Sensory toys encourage play that engages our senses: sight, touch, smell, taste, hearing, movement, and balance. Sensory play includes physical play, but it can also be more creative and open-ended. For example, a child might use a sensory toy to build a tower, create a piece of art, or simply explore the different sensations it provides.
Here are some examples of sensory toys:
- Sight: kaleidoscopes, light-up toys, color-changing objects
- Touch: playdough, slime, sand, water toys
- Smell: scented candles, essential oils, aromatherapy dough
- Taste: sour candy, sweet candy, salty snacks, bitter snacks
- Hearing: musical instruments, noisemakers, nature sounds
- Movement: balls, hoops, climbers, ride-on toys
- Balance: balance beams, stepping stones, wobble boards
Sensory play is important for children of all ages, but it can be especially beneficial for children with autism, sensory processing disorder, and other developmental disabilities. Sensory play can help children to learn about their senses, regulate their emotions, and develop their motor skills.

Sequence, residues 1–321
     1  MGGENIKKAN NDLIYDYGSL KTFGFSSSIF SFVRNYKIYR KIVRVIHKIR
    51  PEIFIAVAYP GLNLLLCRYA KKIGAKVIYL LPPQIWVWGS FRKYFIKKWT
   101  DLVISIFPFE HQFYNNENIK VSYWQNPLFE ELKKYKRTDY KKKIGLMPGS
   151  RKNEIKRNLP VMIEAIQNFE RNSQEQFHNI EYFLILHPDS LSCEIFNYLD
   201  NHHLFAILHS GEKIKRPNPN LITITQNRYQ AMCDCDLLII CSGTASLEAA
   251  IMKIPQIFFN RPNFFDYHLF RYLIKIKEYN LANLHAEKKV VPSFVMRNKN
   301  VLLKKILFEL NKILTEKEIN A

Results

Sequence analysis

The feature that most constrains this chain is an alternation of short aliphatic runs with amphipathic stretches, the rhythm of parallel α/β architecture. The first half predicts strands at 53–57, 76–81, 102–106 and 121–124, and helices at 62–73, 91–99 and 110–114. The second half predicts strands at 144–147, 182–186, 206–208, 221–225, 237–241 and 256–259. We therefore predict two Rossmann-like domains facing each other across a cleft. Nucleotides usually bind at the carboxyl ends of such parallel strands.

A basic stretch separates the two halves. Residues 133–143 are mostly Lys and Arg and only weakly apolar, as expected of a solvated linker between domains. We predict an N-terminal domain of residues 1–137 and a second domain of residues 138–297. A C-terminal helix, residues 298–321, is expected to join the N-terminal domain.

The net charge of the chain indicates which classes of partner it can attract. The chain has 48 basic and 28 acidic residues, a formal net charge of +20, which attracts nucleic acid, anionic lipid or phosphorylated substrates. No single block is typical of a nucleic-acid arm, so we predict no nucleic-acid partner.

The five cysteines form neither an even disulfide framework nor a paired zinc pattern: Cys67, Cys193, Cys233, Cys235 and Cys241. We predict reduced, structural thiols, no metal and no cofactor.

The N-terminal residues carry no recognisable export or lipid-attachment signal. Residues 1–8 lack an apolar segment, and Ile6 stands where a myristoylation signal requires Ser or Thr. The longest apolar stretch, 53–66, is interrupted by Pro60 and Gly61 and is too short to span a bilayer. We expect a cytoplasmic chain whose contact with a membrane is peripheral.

Here are some benefits of sensory play:
- Promotes learning: Sensory play helps children to learn about the world around them through their senses. For example, a child might learn about different textures by playing with playdough or slime, or they might learn about different colors by playing with color-changing objects.
- Regulates emotions: Sensory play can help children to regulate their emotions. For example, a child who is feeling anxious might calm down by playing with a stress ball, or a child who is feeling energetic might burn off some energy by playing with a ball.
- Develops motor skills: Sensory play can help children to develop their motor skills. For example, a child might develop their fine motor skills by building a tower with blocks, or they might develop their gross motor skills by playing on a climber.
Sensory play is a fun and engaging way for children to learn and grow. It is also a great way for parents and caregivers to bond with their children.